Did you know 72% of all employers claim they cannot find qualified candidates to fill positions? I kid you not! Below is a clip from the usually sane Dylan Ratigan show that had me throwing shoes at the screen. Bill Clinton, no less, is making this claim. It's ridiculous.
Do these statements have any validity? The claim that there is a skills shortage in America? No.
Firstly we have never ending horror stories on employers and their discrimination tricks:
A surprising number of Craigslist job ads are automatically disqualifying the long-term jobless by including the stipulations, "Must be currently employed," "No unemployed candidates will be considered," or "must have been employed within the last 6 months." Other job postings specify that if an applicant is recently unemployed, he or she should include a "good reason" for his or her layoff along with a resumé.
Right there, employers are out of the box rejecting people needing a job, because....they need a job.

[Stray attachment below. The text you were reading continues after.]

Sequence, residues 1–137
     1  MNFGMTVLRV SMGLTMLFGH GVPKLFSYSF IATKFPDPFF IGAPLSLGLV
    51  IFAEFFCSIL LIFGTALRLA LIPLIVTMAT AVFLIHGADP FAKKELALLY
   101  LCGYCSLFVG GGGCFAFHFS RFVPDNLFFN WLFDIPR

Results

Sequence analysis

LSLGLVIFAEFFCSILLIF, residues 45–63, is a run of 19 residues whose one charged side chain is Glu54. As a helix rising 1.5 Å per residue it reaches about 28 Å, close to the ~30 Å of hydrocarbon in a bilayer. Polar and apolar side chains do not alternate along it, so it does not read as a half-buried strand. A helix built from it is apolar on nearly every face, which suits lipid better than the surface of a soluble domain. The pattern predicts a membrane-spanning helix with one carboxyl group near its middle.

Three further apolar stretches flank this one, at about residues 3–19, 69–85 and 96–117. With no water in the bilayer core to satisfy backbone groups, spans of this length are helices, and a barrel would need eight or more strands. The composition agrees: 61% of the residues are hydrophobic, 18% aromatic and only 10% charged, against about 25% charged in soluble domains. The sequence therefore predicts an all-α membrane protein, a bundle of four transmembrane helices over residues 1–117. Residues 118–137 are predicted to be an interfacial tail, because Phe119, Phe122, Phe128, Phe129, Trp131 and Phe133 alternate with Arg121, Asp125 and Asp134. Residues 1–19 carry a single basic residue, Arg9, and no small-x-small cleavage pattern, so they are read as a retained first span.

The reality is job losses are across the board. Below is an animation of the percentages different industries make up of the total job market. Across 12 sectors, the animation moves from September 2006 to September 2010.
Notice while construction has shrunk (blue), originally it wasn't that large of the labor market in the first place. Manufacturing on the other hand, (bright red), has shrunk significantly. Notice that the skills of the future, information (pink), has shrunk this recession. Most industries associated with trade have shrunk. The point of this animation is to show, in terms of percentages, there really is not any major structural change to the labor market and types of jobs. There just ain't any jobs.
Boston Federal Reserve President, Eric Rosengren, gave a speech speaking directly to the state of the job market today. He says the problem is a demand one.
In rather stark contrast, the most recent recession is far less a reflection of dislocation in a few industries but rather reflects a general decline in almost all industries. As the chart [reproduced below] shows, in this recession there has been a peak to trough loss of employment of 5 percent or greater in construction, manufacturing, retail trade, wholesale trade, transportation, information technology, financial activities, and professional and business services. To me, this does not suggest that the driver is structural change in the economy increasing job mismatches – although no doubt some of that exists – but instead I see here a widespread decline in demand across most industries.